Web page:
Demand for O&G Professionals Remains High

Demand for O&G Professionals Remains High

Despite the global markets reaction to the European debt crisis, the demand for skilled professionals in the oil and gas industry remains strong due to the number of projects underway, according to oil and gas recruiting firm Hays Oil & Gas Global Quarterly Report.

Geologists and petro-physicists in particular are in demand, and Hays reports seeing strong demand for reservoir engineering and drilling staff.

While the feeling of unease has undoubtedly eroded confidence in hiring, "there is a general perception that, specifically where the oil and gas industry is concerned, the key drivers remain in place – most notably increasing world demand for energy – and that any downturn may be brief," Hays said in its report.

The most significant change seen by Hays has been the length of the recruitment process, which has lengthened as employers "take their time to ensure that the right candidate fits the job and that the business imperative to hire is satisfied beyond question."

Skill shortages have started to bite into a number of areas, resulting in a general increase in poaching by companies and competitors from one another, eager to employ locally based staff. While the trend is causing some ill feeling between clients and suppliers, there appears to be little done to actively counter the poaching.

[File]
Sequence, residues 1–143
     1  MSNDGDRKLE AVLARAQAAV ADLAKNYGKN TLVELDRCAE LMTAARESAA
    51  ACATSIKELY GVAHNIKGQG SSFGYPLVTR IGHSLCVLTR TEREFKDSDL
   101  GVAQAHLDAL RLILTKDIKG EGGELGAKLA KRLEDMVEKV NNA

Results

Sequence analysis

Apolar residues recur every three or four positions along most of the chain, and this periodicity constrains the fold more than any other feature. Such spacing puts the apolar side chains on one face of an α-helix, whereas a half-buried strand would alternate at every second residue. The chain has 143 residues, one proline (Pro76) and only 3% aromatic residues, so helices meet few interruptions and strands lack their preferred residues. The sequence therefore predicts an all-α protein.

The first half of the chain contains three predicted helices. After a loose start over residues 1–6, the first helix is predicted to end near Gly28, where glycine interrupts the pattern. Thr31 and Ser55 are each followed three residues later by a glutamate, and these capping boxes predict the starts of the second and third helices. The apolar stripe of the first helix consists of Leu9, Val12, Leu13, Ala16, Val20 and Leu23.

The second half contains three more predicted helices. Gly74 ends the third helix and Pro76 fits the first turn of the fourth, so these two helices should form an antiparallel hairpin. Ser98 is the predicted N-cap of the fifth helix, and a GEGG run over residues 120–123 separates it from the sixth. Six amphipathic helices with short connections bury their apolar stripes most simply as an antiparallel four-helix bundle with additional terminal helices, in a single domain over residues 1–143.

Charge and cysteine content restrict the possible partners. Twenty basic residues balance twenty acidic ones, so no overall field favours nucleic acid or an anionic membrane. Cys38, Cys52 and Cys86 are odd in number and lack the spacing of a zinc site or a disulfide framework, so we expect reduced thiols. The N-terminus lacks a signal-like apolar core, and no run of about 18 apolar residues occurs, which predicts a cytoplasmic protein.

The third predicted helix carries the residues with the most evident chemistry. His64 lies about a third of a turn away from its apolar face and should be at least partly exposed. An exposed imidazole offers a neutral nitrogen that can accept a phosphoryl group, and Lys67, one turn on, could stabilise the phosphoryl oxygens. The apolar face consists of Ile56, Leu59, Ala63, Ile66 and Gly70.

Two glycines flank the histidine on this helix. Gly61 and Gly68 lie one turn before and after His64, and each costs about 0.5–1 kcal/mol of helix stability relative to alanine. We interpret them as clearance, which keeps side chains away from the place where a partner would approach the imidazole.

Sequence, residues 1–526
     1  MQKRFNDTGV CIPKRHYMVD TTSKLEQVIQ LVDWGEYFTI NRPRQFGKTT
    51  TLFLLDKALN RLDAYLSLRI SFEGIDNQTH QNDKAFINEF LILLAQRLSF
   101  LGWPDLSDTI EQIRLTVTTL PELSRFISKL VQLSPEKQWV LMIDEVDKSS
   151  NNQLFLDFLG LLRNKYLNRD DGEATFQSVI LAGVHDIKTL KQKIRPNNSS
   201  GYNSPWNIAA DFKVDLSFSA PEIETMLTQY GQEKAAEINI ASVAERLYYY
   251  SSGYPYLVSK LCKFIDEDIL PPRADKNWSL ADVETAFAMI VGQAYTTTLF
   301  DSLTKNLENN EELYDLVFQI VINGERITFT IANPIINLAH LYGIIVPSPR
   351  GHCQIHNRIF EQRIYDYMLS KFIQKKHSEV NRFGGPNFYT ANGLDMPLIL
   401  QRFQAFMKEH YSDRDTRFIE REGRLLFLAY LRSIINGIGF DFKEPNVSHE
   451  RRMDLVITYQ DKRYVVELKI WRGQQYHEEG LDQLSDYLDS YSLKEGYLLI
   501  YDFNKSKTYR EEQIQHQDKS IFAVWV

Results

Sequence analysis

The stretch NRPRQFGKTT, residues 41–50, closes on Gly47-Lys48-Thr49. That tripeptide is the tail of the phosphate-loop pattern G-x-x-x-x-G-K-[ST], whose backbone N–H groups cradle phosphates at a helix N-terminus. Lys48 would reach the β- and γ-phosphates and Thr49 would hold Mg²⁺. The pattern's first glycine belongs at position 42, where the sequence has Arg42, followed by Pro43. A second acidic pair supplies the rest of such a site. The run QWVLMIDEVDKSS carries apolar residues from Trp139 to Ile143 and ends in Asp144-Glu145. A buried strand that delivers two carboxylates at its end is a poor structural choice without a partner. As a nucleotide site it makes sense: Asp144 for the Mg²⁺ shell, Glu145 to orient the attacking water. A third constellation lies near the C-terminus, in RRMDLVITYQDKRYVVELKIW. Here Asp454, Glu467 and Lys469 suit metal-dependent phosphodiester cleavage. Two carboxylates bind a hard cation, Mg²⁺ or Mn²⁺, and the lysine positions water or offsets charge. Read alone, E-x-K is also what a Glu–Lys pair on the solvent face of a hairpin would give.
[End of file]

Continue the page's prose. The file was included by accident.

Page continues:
To address the issue, companies in general are shifting away from using contractors towards permanent staff.

"This is often done with a view to gaining some buy-in from the workforce and trying to reduce the attrition rate, as well as the wage bill," Hays said in its report.

Oil and Gas Hiring Hotspots

In Australia, massive oil and gas projects, including three major liquefied natural gas (LNG) projects in Queensland, and major field developments offshore Western Australia such as Gorgon, Wheatstone and Ichthys requiring specialized employees have increased the recruitment drives in both states.

Construction workers are in great demand for the Gladstone LNG project in Queensland, including civil supervisors, health and safety advisors and environmental consultants. In Western Australia, Hays has seen demand rise for environmental specialists and advisors and discipline engineers. Integrity engineers and senior level managers also are being sought.

"In the West, there appears to be more of an appetite for overseas hires, particularly from the UK and Canada," said Matthew Underhill, managing director of Hays Oil & Gas, in a statement. "Some companies are choosing to offer more apprenticeships and graduate recruitment."

Demand for skilled oil and gas specialists should continue to grow in the Asia-Pacific region, said Underhill. Singapore is being driven by a strong market in construction of FPSO and topside structures while Malaysia and Indonesia are looking at deepwater field exploration.

Exploration and production activity is driving demand for geophysicists, geoscientists and reservoir engineers in the region. Senior drilling engineers are needed, particularly Malaysian and Indonesian nationals to maintain local content requirements for both countries.

"However, there's still a strong drive to recruit returning Asia Pacific nationals ahead of expatriates," Underhill noted.